I welcome the start that has been made and I welcome the way in which it has been made. I know that with the attitude to social security of this Government, refinements will be made to take into consideration all these other factors. We can see that there may be a blurring of handicap, either physically or mentally. A child could have a learning defect which, if not detected early, creates a psychological or even psychiatric or behaviour problem requiring not only remedial education, but also remedial treatment in specialist clinics. This may mean virtually 2 households. I have a letter from a lady in Sydney who is in a situation of this nature. She has a boy of 15 years with a learning difficulty which was not diagnosed and who developed phychological and psychiatric problems. The boy had to be brought from the country to go to a special school and also to a treatment clinic. I know that there are other areas for help for this boy but his problem also comes into the area we are discussing.
There is a blurring between handicap for social security purposes, handicap for educational and remedial purposes, and handicap for rehabilitation purposes. This means we must have a constant search. The Minister for Social Security indicated in his second reading speech that we should consider the new allowance in the context of a broad program of education, training and general welfare for handicapped children. The honourable member for Denison mentioned that the parents of the children who attended day centres would not be disqualified from receiving the allowance. There is also a strong argument for the provision of residential centres to be occupied for limited periods of time. If the family is to be able to maintain the handicapped child at home, there also has to be the faculty for them to have a break for a holiday, of no matter how short a duration. These are the matters that will have to be looked into.
It is impossible in the time available to me to go through all these factors. I see this measure as a promising start; I trust that it continues and that some of the factors I have mentioned will be investigated. I hope the House will pass this Bill in its present state so that the benefits contained in it and described in the Minister’s second reading speech can be paid.
– Like all previous speakers in this debate, I lend my support to the innovations contained in the Bill introduced by the Minister for Social Security (Mr Hayden). In particular, I add my support to the amendment moved by the honourable member for Mackellar (Mr Wentworth). I did some research into the amendment, and I note with great pride that the pioneer of the cause, the pathfinder and the trail blazer, as it were, for help for deserted fathers, was none other than a bachelor, the honourable member for Griffith (Mr Donald Cameron). I pay tribute tonight to the honorable member for Griffith, notwithstanding the fact that he is a bachelor, because he showed a very deep and sincere appreciation of the great tragedies that can befall many people. Perhaps some honourable members do not know that the honourable member for Griffith was the inaugural patron of the Queensland branch of Parents Without Partners. It is interesting that the great fight that he put up for many years in this national forum, against the honourable member for Mackellar, has now turned full cycle, and we find that the honourable member for Mackellar now fully supports the honourable member for Griffith. I know that the honourable member for Mackellar was exercising only his ministerial responsibilities and not Ms personal responsibilities at that time. So it is good to see that what a bachelor proposed, in the final analysis a grandfather is bringing before this House by way of an amendment.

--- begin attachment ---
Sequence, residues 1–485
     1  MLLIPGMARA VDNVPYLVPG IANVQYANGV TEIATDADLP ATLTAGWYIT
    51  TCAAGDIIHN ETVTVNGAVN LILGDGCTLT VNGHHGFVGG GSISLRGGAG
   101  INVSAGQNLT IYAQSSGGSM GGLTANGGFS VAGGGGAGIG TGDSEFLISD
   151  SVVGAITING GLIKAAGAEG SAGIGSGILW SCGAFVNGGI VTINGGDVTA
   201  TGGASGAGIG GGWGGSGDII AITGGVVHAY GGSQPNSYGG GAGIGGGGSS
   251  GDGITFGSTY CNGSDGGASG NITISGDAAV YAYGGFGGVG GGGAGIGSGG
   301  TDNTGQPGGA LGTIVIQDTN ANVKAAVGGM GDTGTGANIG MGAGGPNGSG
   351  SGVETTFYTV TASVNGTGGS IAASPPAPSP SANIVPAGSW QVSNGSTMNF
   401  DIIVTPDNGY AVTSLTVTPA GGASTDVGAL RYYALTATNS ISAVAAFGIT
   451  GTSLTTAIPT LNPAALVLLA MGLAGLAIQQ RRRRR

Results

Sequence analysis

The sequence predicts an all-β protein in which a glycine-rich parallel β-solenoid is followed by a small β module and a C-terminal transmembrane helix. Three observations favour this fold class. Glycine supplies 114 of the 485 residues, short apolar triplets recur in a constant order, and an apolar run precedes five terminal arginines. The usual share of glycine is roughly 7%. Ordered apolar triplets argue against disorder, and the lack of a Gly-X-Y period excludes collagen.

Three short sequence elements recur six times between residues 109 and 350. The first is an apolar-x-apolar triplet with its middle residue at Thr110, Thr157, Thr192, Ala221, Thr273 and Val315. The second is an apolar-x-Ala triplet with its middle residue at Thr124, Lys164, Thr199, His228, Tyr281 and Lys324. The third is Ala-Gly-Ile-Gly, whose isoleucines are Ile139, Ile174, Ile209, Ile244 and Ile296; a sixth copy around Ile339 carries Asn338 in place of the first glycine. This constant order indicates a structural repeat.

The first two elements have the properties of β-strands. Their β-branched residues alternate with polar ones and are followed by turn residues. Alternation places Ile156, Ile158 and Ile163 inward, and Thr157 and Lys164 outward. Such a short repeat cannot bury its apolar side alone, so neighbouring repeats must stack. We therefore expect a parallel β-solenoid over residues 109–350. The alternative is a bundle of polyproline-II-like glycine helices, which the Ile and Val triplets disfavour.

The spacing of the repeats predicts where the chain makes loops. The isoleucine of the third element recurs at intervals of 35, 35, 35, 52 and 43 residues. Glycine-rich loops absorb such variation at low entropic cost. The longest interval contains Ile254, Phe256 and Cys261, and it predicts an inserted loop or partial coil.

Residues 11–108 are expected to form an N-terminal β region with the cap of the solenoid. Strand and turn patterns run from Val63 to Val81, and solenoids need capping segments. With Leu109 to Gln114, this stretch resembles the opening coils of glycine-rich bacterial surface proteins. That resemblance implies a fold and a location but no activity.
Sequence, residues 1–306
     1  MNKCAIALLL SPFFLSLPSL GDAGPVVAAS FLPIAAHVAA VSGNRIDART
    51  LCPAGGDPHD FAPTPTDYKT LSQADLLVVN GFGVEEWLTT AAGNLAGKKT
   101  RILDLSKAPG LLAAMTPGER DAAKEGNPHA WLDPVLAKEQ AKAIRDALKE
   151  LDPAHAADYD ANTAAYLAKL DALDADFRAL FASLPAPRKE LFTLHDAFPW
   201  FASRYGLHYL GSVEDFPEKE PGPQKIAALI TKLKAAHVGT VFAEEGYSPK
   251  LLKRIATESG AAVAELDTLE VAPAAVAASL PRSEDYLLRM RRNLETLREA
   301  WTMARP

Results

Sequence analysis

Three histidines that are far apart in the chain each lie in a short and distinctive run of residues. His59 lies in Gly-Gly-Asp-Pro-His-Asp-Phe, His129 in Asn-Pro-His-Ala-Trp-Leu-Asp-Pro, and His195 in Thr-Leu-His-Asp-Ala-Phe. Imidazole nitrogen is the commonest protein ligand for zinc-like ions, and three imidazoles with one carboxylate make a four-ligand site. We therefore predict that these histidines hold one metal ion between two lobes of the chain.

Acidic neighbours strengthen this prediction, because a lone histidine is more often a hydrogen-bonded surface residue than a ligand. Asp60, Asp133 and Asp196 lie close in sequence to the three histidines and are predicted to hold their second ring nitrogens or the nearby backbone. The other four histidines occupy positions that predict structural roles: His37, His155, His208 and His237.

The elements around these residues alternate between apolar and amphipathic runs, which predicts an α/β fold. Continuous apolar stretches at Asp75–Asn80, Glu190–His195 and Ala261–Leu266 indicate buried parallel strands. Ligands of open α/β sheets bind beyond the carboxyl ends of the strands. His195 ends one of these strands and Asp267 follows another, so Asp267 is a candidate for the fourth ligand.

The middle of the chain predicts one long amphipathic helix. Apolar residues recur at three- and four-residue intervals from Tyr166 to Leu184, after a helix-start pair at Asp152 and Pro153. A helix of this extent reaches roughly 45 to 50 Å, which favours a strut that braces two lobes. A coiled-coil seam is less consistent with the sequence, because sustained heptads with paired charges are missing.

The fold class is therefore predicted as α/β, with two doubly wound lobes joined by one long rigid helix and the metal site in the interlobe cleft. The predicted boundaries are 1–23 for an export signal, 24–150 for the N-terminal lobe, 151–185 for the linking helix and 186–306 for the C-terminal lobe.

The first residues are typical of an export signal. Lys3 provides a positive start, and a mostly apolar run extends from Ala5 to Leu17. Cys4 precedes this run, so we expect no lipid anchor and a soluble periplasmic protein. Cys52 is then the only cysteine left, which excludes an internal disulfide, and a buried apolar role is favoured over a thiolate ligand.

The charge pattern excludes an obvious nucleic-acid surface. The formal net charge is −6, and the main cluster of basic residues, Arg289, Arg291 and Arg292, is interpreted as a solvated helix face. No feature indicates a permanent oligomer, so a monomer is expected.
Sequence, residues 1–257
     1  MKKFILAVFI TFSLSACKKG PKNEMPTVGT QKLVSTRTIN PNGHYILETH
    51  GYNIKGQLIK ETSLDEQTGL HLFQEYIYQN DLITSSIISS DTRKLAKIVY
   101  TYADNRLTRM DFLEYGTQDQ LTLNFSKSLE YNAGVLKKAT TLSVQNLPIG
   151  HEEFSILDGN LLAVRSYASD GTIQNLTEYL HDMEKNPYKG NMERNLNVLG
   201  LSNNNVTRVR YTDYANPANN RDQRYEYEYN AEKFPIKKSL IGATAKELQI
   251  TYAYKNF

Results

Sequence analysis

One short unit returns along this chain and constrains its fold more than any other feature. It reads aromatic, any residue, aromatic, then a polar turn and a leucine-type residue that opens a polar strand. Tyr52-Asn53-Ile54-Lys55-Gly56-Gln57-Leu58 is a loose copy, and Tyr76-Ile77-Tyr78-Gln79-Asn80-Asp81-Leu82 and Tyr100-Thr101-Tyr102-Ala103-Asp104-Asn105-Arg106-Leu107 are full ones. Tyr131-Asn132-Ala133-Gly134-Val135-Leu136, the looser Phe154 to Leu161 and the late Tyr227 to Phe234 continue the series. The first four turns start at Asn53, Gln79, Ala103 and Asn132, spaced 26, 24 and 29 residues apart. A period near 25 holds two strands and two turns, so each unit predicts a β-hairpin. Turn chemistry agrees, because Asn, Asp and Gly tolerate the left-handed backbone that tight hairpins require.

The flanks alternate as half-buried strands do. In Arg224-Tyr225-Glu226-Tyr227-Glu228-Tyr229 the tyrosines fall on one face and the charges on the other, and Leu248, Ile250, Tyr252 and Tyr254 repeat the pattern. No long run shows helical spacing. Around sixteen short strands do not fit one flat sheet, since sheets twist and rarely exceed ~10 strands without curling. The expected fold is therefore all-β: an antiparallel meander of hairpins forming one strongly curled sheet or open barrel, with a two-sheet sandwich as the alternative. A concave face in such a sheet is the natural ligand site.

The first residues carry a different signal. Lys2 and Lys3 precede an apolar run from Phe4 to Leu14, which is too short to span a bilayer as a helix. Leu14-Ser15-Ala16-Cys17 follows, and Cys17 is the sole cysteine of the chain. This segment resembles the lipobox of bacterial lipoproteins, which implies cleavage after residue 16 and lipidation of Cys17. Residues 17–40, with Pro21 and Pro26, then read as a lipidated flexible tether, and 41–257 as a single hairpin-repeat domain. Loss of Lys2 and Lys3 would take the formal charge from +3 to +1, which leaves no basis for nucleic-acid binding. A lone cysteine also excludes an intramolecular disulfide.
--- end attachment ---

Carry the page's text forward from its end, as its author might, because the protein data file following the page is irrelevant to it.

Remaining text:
There was one sour note in the second reading speech, and that was the remark by the Minister that the reason for the curtailment of the program was that the Opposition had forced a double dissolution last May. I do not want to comment on that, because everyone knows that the arrogant Prime Minister (Mr Whitlam) sought a double dissolution. I just want to tell the Minister for Social Security (Mr Hayden) that in the eyes of the Australian people vituperation and vilification are not the hallmarks of a fighter. Rather the hallmarks of a fighter consist of concern for people. The Opposition wants to stress the great need for the supplementary assistance that was granted by the Minister and to assure him that this is a long felt need of many people, particularly those who are in nursing homes who, prior to the Minister’s announcement last week of an increase, were having very great difficulty in making ends meet.
I want to endorse the remarks of the honourable member for Scullin (Dr Jenkins) and ask the Minister to give some consideration to granting some type of rate assistance to people who own their own homes. It seems to me somewhat unfair that people who through thrift and hard work have saved enough to own their own homes are discriminated against as compared with people who are home renters. Even the simplest of repairs, be they electrical or plumbing or carpentering or painting, cost many dollars and it seems an eminently logical proposition to advance that the Minister spread his wings, as it were, and give some type of assistance to people who own their own homes.